An appreciation note

Today I tried installing Arch in a virtual machine, just out of curiosity. I always ended up with problems that I couldn't figure out how to solve other times that I tried and never reached the xorg session, so this time I went with the archinstall command to have it as easy as possible. The installation was succesful in the second attempt and, after a reboot, I had a functional arch vm with the cinnamon desktop.

However, even if I expected the install to be very minimal, it was way more than I expected: no wallpaper, weird fonts in some places (mostly in the title of the apps' windows), no ability to unzip nor see the contents of compressed files, no text editor (not even a terminal one like nano), and the configuration file that makes ethernet work was completely missing by design and you needed to follow a section of the arch wiki to create it (which expects you to have a text editor, causing the need to reinstall if you didn't install nano nor add that configuration file during the installation...)

In other words, there's so much that we take for granted when we have only used distros like debian, ubuntu, zorin or similar, and I just wanted to take a moment to appreciate all the effort being put by developers (from small groups like the ZorinGroup to companies like Canonical) for trying their best to make linux feel welcoming and usable to everyone, no matter how much knowledge you have about computers nor about linux itself. Thank you for making everyone be able to consider GNU Linux as another operating system more that they can choose from and (in most cases) have a better experience than what windows, macOS and chromeOS provide.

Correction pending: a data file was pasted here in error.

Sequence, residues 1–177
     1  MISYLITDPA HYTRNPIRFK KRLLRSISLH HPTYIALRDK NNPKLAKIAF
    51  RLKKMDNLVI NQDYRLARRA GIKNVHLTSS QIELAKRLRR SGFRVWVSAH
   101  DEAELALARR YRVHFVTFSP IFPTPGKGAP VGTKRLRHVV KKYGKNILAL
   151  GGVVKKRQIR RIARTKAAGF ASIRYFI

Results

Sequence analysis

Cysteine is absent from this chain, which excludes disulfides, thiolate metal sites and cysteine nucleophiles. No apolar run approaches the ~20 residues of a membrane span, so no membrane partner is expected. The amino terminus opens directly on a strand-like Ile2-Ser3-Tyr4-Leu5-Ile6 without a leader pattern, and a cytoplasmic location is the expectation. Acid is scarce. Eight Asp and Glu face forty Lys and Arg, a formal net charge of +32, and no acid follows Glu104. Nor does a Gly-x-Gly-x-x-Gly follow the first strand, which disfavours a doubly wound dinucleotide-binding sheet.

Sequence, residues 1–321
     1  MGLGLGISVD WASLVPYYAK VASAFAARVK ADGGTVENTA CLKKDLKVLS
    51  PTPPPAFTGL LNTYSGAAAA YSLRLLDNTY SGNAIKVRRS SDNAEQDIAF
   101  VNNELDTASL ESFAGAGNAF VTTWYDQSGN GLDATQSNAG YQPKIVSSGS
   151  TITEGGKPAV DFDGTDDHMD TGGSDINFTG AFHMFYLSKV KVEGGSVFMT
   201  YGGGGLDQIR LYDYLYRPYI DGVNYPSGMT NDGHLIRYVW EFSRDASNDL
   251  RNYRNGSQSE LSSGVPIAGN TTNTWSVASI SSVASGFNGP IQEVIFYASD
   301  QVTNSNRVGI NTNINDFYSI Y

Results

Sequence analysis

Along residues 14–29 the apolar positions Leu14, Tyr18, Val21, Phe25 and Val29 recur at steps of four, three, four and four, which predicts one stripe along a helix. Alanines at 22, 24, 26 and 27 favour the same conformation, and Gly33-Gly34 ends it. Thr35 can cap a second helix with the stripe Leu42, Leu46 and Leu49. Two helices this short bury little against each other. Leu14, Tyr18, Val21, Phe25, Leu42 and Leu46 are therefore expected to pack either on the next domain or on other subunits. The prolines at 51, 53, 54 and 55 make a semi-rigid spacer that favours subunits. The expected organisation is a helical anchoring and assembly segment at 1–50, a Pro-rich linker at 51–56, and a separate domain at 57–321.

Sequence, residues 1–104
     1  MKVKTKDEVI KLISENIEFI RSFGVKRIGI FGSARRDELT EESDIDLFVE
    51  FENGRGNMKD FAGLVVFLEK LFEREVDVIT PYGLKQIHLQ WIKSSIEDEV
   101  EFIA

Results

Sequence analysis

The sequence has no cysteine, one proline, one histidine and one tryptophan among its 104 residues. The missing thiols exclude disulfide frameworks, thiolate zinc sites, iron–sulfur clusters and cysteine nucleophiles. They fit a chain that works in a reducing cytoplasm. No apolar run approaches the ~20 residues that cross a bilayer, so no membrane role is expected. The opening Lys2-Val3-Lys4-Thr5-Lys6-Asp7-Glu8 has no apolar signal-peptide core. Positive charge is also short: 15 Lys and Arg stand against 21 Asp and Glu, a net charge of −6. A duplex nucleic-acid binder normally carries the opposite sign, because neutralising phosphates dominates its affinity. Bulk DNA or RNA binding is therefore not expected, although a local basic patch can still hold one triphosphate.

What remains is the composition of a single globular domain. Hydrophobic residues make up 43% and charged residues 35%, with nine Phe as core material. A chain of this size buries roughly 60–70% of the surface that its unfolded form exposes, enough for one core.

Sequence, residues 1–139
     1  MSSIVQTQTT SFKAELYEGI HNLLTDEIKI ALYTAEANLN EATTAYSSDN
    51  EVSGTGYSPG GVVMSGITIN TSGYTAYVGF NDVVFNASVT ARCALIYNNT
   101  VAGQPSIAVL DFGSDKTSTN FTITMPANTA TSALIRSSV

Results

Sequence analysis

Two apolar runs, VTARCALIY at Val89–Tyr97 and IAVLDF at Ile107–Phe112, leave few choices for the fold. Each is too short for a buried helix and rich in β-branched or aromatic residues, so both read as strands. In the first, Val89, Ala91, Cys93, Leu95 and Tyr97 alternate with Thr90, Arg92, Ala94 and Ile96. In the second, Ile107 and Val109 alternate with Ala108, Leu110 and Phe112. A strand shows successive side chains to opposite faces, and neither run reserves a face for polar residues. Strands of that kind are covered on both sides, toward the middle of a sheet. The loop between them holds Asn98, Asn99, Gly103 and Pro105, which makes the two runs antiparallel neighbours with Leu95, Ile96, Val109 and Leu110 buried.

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This has kind of been my issue with extreme lightweight distributions for a long time (in terms of actually creating a desktop environment for everything you need to do).